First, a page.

Publisher – The Binary Mill
Price – US $24.99 / EU €24.99 / UK £19.99 / AU $37.95
Release date – December 4th, 2018 (PSVR)
Control Method – 2 x Move
Pro Patch – No
Digital only – Yes
Reviewed on – PS4 Pro / Oculus Rift
Of all the shooters that we have had grace our headsets, few aim to be true simulations of their respective weapons, instead offering unrealistic scenarios or a focus on arcade action. Gun Club VR tries to be the former, offering up cardboard cut out target practice with a wide assortment guns that can customized an altered to your liking as you play through a slew of increasingly difficult scenarios.
It’s a firearms simulator and as such, your going to need a couple tracked motion controllers to handle your business. Firing any weapon is handled by the trigger button and each weapon must also be reloaded, cocked and whatever other gun terminology applies to get those bad boys firing. A simple pistol requires you to press a button to release the clip, grab the full clip from your ammo belt, placing it back in the gun and then pulling back the hammer(?) to finish loading it. An assortment of modern-day shotguns, pistols and rifles are at your disposal as well as some retro and custom weapons as well, unlocked through purchases and completing mission objectives. As you level up by completing missions, new scenarios are unlocked as well so you can play weapon specific missions, zombie levels, some “action” stages and even some WW2 themed one so the while action remains largely the same, the next scenario and weapon you are using keeps the game feeling fresh…at least a little bit fresh anyways. This is a simulation gun experience and the whether you play on the pc or PlayStation the game tracks really well with the exception of two-handed weapons which the PSVR struggled with causing tracking to go a bit haywire. All the enemy targets appear in front of you and to the sides so all the turning is done in the real world and on either headset, I had no issues with tracking other then when I needed to use 2-handed weapons. For the most part the game is played stationary though ‘Action’ missions allow you to navigate by waypoint through stages by simply pointing your gun at the next, highlighted areas.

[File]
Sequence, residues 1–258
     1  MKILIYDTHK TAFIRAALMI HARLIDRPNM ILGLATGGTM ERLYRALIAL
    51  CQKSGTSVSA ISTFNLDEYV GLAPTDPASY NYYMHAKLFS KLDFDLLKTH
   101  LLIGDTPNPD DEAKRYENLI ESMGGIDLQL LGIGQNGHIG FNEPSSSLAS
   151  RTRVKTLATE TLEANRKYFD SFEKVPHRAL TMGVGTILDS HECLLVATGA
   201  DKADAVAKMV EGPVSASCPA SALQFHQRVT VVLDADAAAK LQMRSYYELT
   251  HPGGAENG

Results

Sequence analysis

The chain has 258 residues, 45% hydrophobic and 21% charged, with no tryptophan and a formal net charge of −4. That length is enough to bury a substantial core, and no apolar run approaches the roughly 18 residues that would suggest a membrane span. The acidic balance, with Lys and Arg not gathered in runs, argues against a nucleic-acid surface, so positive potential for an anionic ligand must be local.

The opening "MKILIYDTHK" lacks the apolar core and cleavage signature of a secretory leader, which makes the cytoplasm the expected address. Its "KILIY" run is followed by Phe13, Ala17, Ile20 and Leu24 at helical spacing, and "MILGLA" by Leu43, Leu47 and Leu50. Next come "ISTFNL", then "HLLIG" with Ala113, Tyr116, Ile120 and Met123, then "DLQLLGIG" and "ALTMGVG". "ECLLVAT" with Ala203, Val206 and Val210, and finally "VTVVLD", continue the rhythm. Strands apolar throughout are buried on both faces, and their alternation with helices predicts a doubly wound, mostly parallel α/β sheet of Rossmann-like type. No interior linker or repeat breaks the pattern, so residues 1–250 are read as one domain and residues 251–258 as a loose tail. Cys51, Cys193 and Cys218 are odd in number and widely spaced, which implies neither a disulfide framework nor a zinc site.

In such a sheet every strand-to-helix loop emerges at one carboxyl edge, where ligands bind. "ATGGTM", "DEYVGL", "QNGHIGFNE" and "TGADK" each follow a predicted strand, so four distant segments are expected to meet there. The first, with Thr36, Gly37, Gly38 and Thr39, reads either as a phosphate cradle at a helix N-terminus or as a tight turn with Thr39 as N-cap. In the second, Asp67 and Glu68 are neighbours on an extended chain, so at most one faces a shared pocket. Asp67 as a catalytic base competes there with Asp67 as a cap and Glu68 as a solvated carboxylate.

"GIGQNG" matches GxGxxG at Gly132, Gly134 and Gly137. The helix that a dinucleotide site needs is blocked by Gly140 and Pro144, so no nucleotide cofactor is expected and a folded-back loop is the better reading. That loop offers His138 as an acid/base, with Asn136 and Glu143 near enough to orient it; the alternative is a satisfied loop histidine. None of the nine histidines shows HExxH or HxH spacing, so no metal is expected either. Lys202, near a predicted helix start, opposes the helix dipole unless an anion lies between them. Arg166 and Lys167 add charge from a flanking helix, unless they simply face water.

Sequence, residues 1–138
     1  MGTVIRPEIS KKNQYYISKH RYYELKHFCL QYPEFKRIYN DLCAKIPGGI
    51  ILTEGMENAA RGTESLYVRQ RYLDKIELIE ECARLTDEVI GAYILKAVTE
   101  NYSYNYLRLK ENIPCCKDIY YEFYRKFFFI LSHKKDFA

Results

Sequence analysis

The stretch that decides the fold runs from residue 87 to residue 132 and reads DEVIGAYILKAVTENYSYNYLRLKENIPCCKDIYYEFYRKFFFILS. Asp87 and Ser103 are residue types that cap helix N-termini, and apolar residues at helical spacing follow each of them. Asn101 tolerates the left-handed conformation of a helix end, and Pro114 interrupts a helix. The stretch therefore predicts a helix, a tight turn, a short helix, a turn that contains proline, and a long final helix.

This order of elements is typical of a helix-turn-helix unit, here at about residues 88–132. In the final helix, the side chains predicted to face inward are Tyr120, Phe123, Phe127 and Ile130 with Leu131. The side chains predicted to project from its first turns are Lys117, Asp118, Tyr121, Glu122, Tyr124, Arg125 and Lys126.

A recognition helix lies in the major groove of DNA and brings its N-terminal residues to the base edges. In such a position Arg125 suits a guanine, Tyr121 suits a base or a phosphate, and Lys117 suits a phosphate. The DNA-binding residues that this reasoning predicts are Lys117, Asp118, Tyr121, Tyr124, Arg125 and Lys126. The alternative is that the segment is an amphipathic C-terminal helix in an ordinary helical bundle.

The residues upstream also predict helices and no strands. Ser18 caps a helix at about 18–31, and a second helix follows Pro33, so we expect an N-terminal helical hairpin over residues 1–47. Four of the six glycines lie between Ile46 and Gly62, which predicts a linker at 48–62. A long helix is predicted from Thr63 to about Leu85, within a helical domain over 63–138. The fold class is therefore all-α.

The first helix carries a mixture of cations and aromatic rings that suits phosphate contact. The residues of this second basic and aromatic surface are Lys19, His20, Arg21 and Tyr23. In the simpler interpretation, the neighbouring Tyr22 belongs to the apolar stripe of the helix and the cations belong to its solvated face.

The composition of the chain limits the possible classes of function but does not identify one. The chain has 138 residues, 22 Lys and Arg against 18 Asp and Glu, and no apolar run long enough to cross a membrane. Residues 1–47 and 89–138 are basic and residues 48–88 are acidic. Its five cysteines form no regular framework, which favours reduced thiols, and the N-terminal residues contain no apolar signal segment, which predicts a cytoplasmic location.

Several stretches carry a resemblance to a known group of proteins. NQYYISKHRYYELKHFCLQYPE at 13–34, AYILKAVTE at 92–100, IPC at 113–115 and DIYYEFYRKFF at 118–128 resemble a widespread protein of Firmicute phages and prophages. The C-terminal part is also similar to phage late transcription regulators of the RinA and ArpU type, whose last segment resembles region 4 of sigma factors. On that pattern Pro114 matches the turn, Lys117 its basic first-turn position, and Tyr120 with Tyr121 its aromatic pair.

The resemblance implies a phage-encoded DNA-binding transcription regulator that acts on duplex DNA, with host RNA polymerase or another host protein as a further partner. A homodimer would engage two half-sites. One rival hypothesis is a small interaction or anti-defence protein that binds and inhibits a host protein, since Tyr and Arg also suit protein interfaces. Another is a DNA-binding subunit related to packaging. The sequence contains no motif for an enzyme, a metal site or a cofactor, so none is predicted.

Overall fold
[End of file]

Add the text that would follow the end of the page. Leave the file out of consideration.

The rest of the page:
Gun Club looks really good, albeit simplistic. There are only a handful of stages, but for ashooting gallery, they are rather large so when you start a mission, you’ll probably start from a different point in the map then the last time making it feel a little fresh. The stages are mostly of the warehouse variety but do change up during the allied missions when you play in some WW2 era ruins shooting carboard cut-outs of Nazi’s. In fact, the only thing you’ll be shooting besides the bonus fruit hidden in each stage is cardboard cut-outs so whether it’s terrorists, Nazi’s, Zombies or just targets you are only shooting at life size cut-outs. That may sound a little duller then it actually is as these cut-outs will pop up out of nowhere, zombies move toward you at a slow pace and any armed soldier actually fires back giving most of the game an intensity to get the job done quick lest you take a hit and lose some points.